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6 Reasons Your Team Needs a Communication Charter

Estimated reading time: 3 minutes

 

Effective communication is a critical tenet of successful teams. Fully remote and hybrid teams encounter unique challenges that result from the lack of in-person cues available in fully co-located teams. These communication challenges common to remote and hybrid teams include:

  • Misaligned preferences, norms, and needs
  • Information overload
  • Overcommunication 
  • Micromanagement
  • Interruptions to productivity flow
  • Communication gaps
  • Misunderstandings

There’s no shortage of communication tools that aim to solve these communication challenges. Yet an overabundance of tools can lead to new communication problems. At Workplaceless, when we support teams who are struggling with communication, we often suggest establishing a team Communication Charter.

What is a Communication Charter?

A Communication Charter is a team agreement that establishes the norms for when, where, and how teams should communicate based on a variety of work scenarios. The Communication Charter should encompass all the channels and tools your team uses to communicate with internal or external stakeholders. Within those channels the charter should address the various message or information types and set expectations for prioritization, response timing, or escalation protocols. 



Why Does Your Team Need a Communication Charter?

Here are six ways a Communication Charter can help your team.

 

Reason 1: More Effectively Use Your Existing Tools

With an abundance of virtual communication tools available, teams can find themselves overwhelmed by communication, wasting time trying to decide what tool to use or where to find information, and frustrated with inconsistencies related to how tools are used.

A Communication Charter can help remote and hybrid teams gain alignment on how and when each tool in your tool stack should be used.

 

Reason 2: Spend Less Time Searching for Information

Increases in emails, chats, and documentation have led to information overload. With more information shared in more places than ever before, finding  what you need is challenging. Wasting time searching for the information you need is frustrating and inefficient.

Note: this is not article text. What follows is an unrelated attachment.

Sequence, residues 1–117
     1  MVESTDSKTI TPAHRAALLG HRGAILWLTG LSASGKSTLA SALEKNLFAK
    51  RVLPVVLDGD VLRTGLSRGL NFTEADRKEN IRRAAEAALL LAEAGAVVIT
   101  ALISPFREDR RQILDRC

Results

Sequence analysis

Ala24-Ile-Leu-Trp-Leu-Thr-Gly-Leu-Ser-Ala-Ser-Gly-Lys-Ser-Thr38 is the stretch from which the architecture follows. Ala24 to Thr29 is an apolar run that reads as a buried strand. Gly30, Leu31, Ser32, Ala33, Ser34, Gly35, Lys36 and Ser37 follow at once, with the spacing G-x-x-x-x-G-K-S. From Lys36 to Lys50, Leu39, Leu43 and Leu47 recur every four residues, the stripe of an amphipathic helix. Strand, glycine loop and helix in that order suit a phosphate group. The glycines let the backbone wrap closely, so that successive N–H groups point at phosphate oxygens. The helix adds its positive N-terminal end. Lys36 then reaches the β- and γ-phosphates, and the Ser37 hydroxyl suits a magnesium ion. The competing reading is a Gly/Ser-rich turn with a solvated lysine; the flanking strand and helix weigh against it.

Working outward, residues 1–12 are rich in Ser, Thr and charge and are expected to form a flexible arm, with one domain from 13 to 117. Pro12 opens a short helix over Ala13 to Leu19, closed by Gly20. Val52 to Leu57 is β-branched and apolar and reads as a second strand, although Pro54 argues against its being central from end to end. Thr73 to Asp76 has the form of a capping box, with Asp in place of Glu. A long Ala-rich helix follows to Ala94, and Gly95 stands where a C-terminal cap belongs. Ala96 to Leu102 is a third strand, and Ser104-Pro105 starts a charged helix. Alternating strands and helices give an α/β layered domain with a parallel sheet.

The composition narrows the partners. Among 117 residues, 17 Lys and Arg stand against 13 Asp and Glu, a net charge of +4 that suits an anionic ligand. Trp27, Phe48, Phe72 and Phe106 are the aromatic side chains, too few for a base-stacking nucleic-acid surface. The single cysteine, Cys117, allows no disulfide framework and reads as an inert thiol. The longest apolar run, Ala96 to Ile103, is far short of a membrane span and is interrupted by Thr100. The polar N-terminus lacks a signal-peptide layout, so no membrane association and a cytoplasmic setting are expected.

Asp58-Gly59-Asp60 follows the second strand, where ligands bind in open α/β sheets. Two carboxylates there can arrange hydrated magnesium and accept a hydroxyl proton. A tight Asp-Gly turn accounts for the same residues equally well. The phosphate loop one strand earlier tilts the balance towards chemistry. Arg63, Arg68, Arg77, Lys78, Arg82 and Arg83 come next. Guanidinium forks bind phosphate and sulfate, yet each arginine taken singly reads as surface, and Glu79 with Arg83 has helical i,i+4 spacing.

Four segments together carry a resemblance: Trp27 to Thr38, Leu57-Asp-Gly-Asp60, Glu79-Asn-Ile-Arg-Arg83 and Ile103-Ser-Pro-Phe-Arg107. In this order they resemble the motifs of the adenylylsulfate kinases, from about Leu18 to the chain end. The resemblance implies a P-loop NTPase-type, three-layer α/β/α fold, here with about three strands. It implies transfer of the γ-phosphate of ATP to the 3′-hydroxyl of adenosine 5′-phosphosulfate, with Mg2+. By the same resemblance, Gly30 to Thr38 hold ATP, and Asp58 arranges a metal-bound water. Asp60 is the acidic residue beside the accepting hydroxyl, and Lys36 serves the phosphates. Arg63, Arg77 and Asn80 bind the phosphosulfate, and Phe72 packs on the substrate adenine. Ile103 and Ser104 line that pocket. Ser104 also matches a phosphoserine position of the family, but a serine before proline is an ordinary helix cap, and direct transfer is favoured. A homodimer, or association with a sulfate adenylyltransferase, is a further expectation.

A Communication Charter identifies where information or decisions should be documented, and therefore where the knowledge can be quickly accessed.

 

Reason 3: Minimize Interruptions

Constant notifications are disruptive to the flow of work. Default settings for many communication tools lead to a distracting notification per message or response.  

With a Communication Charter, team members avoid sending information through multiple channels and learn how to communicate without increasing notifications and interruptions. A reduction in interruptions means more time for focused work. 



Reason 4: Overcome Urgency Bias and Uphold Boundaries

Not every communication requires an immediate response. But misaligned team members find themselves rushing to respond and potentially overworking because response expectations have not been established or are interpreted differently. 

A Communication Charter sets expectations about response times by type of communication and channel of communication. Additionally, a Communication Charter can help to signal team member boundaries and availability—you are focused on deep work, have signed off for the day, etc.



Reason 5: Foster Inclusion on Hybrid Teams

Some tools, channels, and styles of communication are biased towards in-office or remote team members. In-office watercooler conversations are inherently only accessible by in-office employees, while remote employees may have stronger skills and accessibility when it comes to digital-first channels.

The process of creating and reassessing a Communication Charter helps teams identify any biases or gaps in the accessibility and inclusivity of communication. 



Reason 6: Eliminate Ineffective Meetings

Teams often default to meetings when they lack effective asynchronous communication practices. This abundance of meetings across teams of all shapes and sizes is leading to workforce burnout

A Communication Charter in combination with establishing async-first practices can help teams decide alternative channels to meetings, and create more effective blended meeting habits. 

 

How to Build a Communication Charter?


Workplaceless offers two ways to support teams in creating their own Communication Charter:

  1. Building a Communication Charter workshop is a guided approach where our expert facilitators asks the right questions and holds your team accountable to creating a communication charter that will be effective for your team’s specific dynamics.
  2. Hybrid Team Success Toolkit includes a Communication Charter template, alongside seven other toolkit template items, for teams to create a charter at their own pace.

 Jacqueline Zeller, CMO at Workplaceless

Motivated by her own career path working on flexible, hybrid, and fully remote teams since 2011, Zeller advocates for effective remote work that creates opportunities. She advances the Workplaceless mission by creating content and fostering connections that help professionals and companies make remote work productive, healthy, and sustainable.

Follow her on LinkedIn.

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